Copper could help prevent the spread of flu infections. Recent research at the University of Southampton shows that the Influenza A virus is virtually eradicated within six hours on copper surfaces. Influenza A viruses cause seasonal infections resulting in around 12,000 deaths a year in the UK1. The influenza A family of viruses includes the avian flu strain.
Professor Bill Keevil and Dr Jonathan Noyce, microbiology researchers at the University’s School of Biological Sciences, detail the findings in a study being prepared for submission for peer-reviewed publication later this year. Professor Keevil, who heads up the School’s Microbiology research group, explained: ‘The findings are so pertinent to the current concerns about containing a potential outbreak of the avian flu strain, that we felt it important to provide some of the preliminary results at this time.’
The Southampton researchers placed 2 million plaque-forming units of Influenza A (H1N1) on coupons of C11000 copper (common, pure copper sheet metal) and on S30400 (common stainless steel) at room temperature and then came back periodically to determine the survival rates of the samples. On the stainless steel surface, the pathogen declined to 1 million after six hours and to 500,000 after 24 hours. Meanwhile, the copper surface achieved a reduction to 500,000 after only one hour and inactivated all but 500 — a 99.99% reduction — after just six hours.
Sarah Watts | alfa
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The miniaturization of the current technology of storage media is hindered by fundamental limits of quantum mechanics. A new approach consists in using so-called spin-crossover molecules as the smallest possible storage unit. Similar to normal hard drives, these special molecules can save information via their magnetic state. A research team from Kiel University has now managed to successfully place a new class of spin-crossover molecules onto a surface and to improve the molecule’s storage capacity. The storage density of conventional hard drives could therefore theoretically be increased by more than one hundred fold. The study has been published in the scientific journal Nano Letters.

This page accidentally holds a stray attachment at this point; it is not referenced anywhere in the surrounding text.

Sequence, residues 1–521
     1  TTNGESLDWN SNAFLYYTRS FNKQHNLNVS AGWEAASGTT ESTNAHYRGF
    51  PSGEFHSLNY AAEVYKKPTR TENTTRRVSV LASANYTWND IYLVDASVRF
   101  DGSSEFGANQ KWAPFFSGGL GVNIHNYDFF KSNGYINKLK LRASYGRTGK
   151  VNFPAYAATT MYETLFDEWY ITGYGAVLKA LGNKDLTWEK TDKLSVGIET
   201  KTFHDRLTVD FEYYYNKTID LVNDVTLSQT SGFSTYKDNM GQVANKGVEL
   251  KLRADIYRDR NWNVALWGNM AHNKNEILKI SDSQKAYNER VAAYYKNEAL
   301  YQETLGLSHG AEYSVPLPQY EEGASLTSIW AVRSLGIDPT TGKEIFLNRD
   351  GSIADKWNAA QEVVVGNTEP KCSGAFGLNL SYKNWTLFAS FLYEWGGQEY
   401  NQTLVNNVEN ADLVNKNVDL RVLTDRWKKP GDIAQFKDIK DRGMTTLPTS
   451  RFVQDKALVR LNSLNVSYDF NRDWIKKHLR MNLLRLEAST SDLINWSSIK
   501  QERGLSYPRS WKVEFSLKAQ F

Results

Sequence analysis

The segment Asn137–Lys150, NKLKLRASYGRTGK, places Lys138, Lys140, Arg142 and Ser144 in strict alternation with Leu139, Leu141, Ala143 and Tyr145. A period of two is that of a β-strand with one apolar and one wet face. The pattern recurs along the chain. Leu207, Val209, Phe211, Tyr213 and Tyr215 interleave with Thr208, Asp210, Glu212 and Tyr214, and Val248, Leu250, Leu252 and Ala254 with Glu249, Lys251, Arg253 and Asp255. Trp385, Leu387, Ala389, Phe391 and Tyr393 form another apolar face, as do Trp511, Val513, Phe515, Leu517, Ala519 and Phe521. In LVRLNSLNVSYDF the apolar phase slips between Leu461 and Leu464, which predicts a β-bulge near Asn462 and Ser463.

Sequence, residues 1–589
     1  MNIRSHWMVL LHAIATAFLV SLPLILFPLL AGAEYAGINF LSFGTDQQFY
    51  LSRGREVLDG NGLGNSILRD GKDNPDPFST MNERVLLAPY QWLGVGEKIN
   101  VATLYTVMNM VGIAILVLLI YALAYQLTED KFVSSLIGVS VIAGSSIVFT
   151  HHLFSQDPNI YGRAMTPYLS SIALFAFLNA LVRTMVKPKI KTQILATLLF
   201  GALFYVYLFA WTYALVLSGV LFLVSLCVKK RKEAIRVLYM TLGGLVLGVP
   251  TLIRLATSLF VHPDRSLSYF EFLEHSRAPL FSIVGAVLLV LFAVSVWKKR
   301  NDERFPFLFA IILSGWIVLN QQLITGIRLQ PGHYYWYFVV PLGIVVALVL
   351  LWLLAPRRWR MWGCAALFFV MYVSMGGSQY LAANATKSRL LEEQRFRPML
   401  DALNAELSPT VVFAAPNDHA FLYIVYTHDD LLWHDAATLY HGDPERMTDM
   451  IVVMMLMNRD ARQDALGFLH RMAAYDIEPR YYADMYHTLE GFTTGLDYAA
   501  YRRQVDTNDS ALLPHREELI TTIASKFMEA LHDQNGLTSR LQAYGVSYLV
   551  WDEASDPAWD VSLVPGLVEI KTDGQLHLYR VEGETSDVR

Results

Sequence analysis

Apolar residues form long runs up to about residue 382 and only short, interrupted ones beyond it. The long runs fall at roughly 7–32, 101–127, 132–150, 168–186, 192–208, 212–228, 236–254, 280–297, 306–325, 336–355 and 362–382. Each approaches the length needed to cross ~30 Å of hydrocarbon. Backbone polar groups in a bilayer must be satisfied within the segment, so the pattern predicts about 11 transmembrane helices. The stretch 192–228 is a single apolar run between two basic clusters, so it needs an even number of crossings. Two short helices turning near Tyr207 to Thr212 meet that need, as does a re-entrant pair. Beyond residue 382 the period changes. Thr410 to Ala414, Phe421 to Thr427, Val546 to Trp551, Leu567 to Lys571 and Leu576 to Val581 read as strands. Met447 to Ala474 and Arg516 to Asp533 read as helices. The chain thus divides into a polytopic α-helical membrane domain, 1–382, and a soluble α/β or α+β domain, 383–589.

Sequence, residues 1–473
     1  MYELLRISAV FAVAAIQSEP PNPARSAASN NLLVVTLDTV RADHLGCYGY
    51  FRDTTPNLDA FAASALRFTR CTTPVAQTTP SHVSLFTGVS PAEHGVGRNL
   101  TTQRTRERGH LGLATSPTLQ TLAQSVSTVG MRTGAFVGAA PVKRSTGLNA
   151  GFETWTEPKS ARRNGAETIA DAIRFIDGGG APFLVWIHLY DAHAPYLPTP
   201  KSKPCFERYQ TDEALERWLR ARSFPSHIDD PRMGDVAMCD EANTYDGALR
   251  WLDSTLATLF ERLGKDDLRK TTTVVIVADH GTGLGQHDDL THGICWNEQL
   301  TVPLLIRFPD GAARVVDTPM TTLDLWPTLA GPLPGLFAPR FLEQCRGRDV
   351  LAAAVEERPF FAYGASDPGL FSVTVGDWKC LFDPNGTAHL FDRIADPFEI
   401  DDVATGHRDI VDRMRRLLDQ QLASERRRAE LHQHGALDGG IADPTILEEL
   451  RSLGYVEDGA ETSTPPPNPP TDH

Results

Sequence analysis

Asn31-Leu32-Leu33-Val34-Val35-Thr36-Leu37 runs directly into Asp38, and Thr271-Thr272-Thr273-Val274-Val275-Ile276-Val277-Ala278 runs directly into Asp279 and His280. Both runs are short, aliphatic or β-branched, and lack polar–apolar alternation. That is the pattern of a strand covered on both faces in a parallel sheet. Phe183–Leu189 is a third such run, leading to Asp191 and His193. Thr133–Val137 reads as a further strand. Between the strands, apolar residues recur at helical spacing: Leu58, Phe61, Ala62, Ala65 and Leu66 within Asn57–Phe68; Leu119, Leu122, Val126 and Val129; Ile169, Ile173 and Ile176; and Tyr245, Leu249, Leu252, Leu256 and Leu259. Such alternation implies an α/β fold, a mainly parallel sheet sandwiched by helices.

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With innovative experiments, researchers at the Helmholtz-Zentrums Geesthacht and the Technical University Hamburg unravel why tiny metallic structures are extremely strong
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An interdisciplinary group of researchers interfaced individual bacteria with a computer to build a hybrid bio-digital circuit - Study published in Nature Communications
Scientists at the Institute of Science and Technology Austria (IST Austria) have managed to control the behavior of individual bacteria by connecting them to a...
Physicists in the Laboratory for Attosecond Physics (run jointly by LMU Munich and the Max Planck Institute for Quantum Optics) have developed an attosecond electron microscope that allows them to visualize the dispersion of light in time and space, and observe the motions of electrons in atoms.
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Transistors based on carbon nanostructures: what sounds like a futuristic dream could be reality in just a few years' time. An international research team working with Empa has now succeeded in producing nanotransistors from graphene ribbons that are only a few atoms wide, as reported in the current issue of the trade journal "Nature Communications."
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08.12.2017 | Information Technology
08.12.2017 | Information Technology